The Ottomans left their mark on Kos, ruling for nearly 400 years. While walking around the old town, there are a few scattered remnants of Ottoman occupation.
The most easily spotted Turkish structures come in the form of four mosques. The first, Defterdar Camii, is a red domed mosque with a tall minaret that sits on Eleftherias Square, the main square in Kos Town. It’s now used as a souvenir shop and café.
The next mosque is the Gazi Hasan Paşa Camii, or the Lotzias Mosque. It was built in 1786 next to the Tree of Hippocrates (see Kos Town). The mosque is rectangular shaped with two floors. It was in use until 1933 and is now closed and remains unused. Near the mosque is an old Turkish hamam.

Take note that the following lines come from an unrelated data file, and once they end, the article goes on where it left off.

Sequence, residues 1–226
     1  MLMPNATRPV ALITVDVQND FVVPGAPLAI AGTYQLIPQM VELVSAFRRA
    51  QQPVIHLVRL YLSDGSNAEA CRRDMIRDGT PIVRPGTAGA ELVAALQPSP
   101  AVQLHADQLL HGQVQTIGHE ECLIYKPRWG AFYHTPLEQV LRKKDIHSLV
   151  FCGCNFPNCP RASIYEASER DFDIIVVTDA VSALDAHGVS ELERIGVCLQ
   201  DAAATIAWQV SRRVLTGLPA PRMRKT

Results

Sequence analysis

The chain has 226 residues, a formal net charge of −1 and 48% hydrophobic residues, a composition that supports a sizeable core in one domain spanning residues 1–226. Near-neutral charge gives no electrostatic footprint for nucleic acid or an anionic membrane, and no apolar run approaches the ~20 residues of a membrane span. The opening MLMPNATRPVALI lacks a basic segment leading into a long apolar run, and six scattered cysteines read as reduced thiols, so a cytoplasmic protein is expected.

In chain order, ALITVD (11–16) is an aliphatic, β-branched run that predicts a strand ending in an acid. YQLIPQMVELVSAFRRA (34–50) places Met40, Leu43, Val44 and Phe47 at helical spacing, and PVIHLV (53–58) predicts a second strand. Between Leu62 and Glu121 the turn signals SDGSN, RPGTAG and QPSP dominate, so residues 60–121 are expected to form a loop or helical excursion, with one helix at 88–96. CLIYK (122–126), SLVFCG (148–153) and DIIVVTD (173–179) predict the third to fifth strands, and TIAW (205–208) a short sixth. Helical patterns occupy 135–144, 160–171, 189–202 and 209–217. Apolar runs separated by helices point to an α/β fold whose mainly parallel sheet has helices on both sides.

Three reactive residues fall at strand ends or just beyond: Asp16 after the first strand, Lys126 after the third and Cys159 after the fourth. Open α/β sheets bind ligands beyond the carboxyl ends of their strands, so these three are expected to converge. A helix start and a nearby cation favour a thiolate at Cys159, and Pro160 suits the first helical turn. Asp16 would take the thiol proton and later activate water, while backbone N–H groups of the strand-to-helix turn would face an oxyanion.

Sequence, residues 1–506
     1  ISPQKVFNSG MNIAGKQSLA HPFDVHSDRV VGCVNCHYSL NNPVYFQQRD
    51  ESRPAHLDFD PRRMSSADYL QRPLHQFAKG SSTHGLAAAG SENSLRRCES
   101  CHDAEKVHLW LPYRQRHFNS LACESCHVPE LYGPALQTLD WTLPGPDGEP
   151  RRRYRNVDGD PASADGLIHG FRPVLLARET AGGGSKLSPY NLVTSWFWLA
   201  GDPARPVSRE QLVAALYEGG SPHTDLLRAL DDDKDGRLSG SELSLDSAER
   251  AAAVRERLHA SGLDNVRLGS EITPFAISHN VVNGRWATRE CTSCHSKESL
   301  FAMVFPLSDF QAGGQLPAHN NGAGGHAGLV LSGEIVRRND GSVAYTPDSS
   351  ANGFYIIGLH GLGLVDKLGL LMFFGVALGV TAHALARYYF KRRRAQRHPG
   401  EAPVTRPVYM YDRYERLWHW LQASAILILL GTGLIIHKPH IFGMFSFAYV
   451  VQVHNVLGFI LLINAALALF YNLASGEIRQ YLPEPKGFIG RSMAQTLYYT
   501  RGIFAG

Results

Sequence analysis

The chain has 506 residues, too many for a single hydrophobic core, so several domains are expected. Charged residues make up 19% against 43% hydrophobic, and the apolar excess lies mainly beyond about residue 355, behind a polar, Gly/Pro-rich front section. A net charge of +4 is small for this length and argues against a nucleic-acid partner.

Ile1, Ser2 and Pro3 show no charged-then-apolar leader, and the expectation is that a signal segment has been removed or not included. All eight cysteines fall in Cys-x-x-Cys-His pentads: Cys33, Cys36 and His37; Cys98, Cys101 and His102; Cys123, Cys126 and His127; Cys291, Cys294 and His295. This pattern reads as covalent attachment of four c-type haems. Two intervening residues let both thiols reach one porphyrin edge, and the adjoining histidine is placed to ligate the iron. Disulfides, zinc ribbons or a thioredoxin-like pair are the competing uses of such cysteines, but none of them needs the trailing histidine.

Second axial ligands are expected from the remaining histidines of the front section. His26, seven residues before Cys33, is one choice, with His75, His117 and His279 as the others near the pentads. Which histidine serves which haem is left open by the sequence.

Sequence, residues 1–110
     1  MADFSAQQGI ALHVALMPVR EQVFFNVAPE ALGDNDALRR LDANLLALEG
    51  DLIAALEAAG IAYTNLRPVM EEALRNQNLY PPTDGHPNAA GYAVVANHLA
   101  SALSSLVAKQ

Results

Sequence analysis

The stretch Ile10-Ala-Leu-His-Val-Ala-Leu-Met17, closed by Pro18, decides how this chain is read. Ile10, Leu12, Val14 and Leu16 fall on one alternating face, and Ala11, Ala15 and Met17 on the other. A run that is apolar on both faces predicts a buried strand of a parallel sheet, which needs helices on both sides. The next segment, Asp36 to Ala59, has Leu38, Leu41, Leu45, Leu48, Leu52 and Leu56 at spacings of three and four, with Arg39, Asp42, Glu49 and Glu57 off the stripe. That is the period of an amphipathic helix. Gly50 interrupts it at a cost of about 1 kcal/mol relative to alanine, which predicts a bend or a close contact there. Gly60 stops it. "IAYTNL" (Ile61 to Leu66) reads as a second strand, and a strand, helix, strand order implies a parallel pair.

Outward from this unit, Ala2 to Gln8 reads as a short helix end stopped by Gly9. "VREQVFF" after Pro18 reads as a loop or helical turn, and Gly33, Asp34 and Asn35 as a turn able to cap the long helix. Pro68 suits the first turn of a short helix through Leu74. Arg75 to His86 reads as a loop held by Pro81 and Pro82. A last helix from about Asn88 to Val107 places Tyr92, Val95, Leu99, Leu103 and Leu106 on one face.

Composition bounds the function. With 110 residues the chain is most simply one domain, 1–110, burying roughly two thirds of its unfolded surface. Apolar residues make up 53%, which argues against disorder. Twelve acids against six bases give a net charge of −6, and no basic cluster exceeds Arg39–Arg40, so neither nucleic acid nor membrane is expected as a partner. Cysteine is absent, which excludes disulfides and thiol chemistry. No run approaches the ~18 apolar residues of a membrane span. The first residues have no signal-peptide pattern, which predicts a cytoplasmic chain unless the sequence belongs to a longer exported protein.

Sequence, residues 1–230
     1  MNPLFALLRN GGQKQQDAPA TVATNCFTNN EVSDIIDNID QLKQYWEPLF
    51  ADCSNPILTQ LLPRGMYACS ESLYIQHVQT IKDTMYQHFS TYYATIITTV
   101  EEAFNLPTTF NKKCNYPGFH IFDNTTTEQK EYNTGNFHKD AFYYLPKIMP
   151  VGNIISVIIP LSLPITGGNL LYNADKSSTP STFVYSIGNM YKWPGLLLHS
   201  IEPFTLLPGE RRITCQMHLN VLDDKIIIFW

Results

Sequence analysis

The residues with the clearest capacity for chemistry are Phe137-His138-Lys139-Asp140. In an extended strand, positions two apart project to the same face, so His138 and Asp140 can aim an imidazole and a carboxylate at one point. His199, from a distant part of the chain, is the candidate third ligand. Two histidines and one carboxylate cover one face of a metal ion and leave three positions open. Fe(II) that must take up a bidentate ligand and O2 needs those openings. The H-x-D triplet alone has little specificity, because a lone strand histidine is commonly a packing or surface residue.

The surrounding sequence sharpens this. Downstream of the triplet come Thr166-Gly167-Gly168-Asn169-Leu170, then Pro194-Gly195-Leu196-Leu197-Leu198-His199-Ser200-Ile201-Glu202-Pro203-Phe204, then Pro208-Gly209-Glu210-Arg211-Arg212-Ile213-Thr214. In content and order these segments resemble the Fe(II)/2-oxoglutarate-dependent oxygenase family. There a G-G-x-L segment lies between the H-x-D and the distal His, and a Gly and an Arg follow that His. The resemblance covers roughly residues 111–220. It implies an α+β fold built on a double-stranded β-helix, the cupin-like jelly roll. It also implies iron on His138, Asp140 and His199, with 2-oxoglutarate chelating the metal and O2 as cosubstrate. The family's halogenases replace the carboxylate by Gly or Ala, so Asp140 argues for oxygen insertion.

The şadırvan (ablutions fountain) of the mosque is next to the Tree of Hippocrates. It contains an inscription in Arabic script that reads “Water of Hippocrates”. On June 11, 1821, around 90 Greeks were hanged there by the Ottoman Turkish governor in retaliation for supporting the Greek uprising against the Ottoman Empire. Hundreds more were beheaded around the island.
The third mosque, Rifat Efendi Camii, is located in the old town and is a little tough to spot. It has an inscription with the Ottoman tuğra. If you look up, you might be able to see the small dome.
Finally, the Atik Camii is a small mosque that was built in 1892 and is still in use. It’s located near the Western Excavation Area and is without a minaret.